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Dissecting Record Store Day At Breakaway Records

Tuesday, April 24th, 2012 category: Features Tags: ,

by Ryan Greenblatt

The majority of national holidays, or celebrated national events these days are seemingly boring and/or meaningless to most people (i.e. Presidents Day– which by the way is hilarious: so what if a few presidents have birthdays in the same month! I mean…right?!), but once a year, for vinyl-heads and all those who seek out exclusive recordings, there is Record Store Day!

Record Store Day (RSD) began five years ago, and has gained some major traction with more artists contributing, and more locally owned record stores all across the nation participating.

In Austin, TX there were fourteen(!) great stores partaking in RSD. I decided to hit up my favorite local shop, Breakaway Records, to check out the exclusive RSD releases, and revel in the day’s activities.

Breakaway offered several cool records including an exclusive Mars Volta release, a Nirvana BBC sessions album, a Stax Records box-set, and a rare Joe Strummer album featuring previously unreleased tracks. I arrived a little over an hour after Breakaway opened and they had already sold close to 70% of ALL of their RSD releases. Luckily, I was able to snag a Pixies BBC Sessions record titled Into the White: BBC Tapes 1988-1989– which has a rad version of the Beatle’s “Honey Pie” on it that I suggest everyone check out. To celebrate the day, Breakaway had local DJs spinning an array of tasty cuts all day long, and they offered patrons food and drink, which in Texas means cold, cold Lonestar beer.

In the midst of all the great music and happy record-store shoppers, I had the privilege of speaking with Josh LaRue, co-owner of Breakaway Records. Breakway Records sells mostly used records and started four years ago by LaRue and Gabe Vaughn; both owners also DJ on the side and are very much ‘vinyl-heads’.

We discussed the impact of RSD on locally owned record stores, the sales climate of the vinyl industry, sound quality, and the juxtaposition of having a day devoted to both the sale of music and the promotion of vinyl, which many consider to be the end all medium for music.

In regards to why people like vinyl in general Josh added: “The main part for me, and [also] a selling point is, I do think it sounds better, and I also think people like the tangibility, having an actual object.”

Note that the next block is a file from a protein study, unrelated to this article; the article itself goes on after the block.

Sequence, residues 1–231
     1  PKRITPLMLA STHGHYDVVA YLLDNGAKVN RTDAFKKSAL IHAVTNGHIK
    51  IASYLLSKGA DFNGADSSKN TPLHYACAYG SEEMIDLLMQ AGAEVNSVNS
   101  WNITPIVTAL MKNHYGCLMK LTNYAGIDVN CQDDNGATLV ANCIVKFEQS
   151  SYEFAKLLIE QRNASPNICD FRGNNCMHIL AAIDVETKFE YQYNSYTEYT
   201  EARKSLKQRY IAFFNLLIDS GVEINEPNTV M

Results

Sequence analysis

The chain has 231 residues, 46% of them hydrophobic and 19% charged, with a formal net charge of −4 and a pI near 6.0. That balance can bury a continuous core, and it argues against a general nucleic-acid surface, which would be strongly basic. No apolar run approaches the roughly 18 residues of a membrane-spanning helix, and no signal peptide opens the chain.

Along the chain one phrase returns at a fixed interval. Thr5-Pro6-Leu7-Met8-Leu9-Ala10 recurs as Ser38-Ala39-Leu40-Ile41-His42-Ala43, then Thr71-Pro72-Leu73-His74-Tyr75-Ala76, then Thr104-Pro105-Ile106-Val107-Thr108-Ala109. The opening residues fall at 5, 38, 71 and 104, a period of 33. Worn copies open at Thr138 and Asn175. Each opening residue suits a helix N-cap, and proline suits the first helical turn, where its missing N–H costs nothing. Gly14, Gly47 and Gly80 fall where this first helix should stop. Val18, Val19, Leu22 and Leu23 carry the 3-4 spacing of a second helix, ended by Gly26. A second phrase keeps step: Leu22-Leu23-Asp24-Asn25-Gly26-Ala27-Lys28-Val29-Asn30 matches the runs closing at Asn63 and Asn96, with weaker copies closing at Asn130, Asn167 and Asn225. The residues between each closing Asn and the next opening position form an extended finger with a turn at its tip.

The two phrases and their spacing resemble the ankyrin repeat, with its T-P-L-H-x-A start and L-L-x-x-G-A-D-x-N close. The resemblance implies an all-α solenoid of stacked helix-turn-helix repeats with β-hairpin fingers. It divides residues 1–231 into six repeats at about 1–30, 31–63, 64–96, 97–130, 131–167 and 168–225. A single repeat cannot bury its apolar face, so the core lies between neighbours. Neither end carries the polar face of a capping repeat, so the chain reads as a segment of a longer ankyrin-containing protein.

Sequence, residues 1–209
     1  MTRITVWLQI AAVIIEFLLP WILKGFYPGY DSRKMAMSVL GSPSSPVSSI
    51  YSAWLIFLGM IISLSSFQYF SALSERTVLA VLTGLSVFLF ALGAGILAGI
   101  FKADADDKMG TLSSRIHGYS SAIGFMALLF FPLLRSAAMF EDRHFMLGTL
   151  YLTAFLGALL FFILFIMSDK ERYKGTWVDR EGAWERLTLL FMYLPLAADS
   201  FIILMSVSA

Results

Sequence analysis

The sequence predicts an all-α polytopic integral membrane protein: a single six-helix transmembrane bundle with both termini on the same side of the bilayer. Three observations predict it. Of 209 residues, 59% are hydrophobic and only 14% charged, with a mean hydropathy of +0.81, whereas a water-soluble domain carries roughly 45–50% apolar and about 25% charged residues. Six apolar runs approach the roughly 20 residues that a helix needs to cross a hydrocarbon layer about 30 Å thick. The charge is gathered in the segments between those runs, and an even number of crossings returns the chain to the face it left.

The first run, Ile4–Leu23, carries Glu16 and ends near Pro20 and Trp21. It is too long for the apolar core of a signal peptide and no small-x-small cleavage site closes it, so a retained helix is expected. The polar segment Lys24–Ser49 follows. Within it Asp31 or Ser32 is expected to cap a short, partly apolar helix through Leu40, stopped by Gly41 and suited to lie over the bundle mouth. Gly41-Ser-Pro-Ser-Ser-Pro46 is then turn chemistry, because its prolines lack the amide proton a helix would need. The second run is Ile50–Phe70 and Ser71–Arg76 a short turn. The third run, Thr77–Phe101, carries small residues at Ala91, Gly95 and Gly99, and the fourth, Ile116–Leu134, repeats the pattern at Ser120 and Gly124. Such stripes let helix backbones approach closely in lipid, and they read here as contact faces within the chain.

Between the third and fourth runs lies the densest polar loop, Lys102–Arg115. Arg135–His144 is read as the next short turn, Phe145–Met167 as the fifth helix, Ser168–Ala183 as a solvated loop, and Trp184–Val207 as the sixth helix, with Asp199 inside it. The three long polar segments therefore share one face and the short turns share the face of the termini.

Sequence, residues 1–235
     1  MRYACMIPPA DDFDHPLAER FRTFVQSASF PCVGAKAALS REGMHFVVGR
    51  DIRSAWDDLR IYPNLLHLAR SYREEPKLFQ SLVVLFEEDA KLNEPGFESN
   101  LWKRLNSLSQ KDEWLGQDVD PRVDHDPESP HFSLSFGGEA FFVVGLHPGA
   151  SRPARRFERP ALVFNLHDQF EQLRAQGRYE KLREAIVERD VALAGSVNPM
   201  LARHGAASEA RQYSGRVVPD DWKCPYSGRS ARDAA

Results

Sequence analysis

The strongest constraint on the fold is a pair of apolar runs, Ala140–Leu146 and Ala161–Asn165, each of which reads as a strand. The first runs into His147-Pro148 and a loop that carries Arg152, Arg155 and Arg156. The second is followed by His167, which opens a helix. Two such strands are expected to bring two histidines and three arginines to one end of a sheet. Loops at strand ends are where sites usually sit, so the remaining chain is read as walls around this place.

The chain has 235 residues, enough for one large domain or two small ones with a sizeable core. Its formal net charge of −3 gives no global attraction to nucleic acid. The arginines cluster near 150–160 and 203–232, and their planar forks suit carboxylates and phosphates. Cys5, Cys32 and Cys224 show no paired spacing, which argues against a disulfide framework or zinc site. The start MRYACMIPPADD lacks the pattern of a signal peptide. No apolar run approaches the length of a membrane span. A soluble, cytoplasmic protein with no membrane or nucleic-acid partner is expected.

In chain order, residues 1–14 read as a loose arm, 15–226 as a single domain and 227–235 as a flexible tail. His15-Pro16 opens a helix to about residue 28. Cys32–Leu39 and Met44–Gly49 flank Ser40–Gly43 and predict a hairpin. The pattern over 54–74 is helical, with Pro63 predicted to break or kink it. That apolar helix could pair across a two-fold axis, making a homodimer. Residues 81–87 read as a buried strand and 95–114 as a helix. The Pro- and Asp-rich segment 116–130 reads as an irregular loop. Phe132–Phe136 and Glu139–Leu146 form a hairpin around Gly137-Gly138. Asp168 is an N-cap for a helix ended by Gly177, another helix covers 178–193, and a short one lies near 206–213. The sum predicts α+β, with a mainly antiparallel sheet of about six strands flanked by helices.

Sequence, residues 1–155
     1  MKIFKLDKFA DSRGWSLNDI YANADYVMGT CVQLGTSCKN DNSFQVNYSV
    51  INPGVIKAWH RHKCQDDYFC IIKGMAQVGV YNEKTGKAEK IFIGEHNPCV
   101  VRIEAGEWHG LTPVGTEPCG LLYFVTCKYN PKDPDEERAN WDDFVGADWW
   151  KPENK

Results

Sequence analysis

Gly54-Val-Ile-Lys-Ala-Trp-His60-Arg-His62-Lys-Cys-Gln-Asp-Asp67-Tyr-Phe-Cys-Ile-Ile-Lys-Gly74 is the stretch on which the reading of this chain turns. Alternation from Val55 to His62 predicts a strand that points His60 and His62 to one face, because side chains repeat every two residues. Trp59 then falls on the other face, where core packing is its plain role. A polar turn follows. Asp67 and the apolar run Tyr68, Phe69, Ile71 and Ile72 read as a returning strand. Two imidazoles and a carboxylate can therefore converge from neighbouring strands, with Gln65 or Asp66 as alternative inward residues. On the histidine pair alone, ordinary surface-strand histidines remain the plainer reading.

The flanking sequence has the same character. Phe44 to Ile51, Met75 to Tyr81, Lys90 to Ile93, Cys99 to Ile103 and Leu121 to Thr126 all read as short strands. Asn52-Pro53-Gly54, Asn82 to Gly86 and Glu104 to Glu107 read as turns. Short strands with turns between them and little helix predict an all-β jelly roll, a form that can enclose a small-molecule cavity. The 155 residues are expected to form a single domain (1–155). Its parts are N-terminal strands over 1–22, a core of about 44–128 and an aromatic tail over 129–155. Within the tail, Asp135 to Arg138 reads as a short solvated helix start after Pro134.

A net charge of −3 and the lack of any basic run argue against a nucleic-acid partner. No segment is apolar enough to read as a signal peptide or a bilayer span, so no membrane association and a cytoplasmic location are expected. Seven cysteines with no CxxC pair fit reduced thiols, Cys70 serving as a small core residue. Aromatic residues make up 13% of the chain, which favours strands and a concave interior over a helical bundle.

Josh grew up on vinyl, and while I grew up on CDs, I agree with him. I have many memories of spending hours reading through the booklets included with the CDs of my favorite bands. Learning the lyrics, inspecting the pictures, and even seeking out some sort of secret meaning that only could be deciphered from pouring over the liner-notes. At the risk of sounding codgerly, it’s something I feel the digital generation is missing out on almost completely (a digital download accompanied with a PDF of the cover and booklet is just not the same).

Josh’s argument for the steady rise in vinyl sales had more to do with sound quality: “To me if you’re really going to listen to super high-quality audio, it probably means you’re going to be at home and focused on it…if records are…still accepted to be the premier format, then why not listen to records.” In fact some people are trying to duplicate the quality and tone of records in the digital format. My only argument against vinyl– Josh said he could relate– is that it takes up tons of space, and it is not exactly portable.

Truth be told, I am a RSD n00b, and I hadn’t actually heard of it until last week, but now that I am aware I feel like it’s everywhere. Even Yahoo.com’s main page had a story covering RSD and local radio was also pushing the day pretty hard. It occurred to me while I was in the store that RSD is semi-contradictory: vinyl-records epitomize the ‘cool’ of music and are the furthest thing from ‘selling-out’ possible, yet this is a nationally sanctioned sales day that while not exactly corporate– all participating stores are locally owned– is still focused on the bottom-line. Josh helped quell my fears that RSD was even slightly associated with ‘the man’ by explaining that the business itself is very hard in terms of actually making any money, and a day like this is good not only just for sales but because it brings more awareness to records in general: “There’s a ton of people in here today that I’ve never seen before…hopefully they’ll think the shop was cool and remember it and want to comeback.”

For the record– pun INTENDED– I own around fifteen records that I have bought or found in various settings [thanks Mr. Strickland!], and even though I am attached to my iPod like whoa, I would never give up my records. I plan on adding to my collection for years to come. If you want more information on Record Store Day, you can check out Recordstoreday.com, or– and I urge you to do this– you can get off your ass and go to your local record store!

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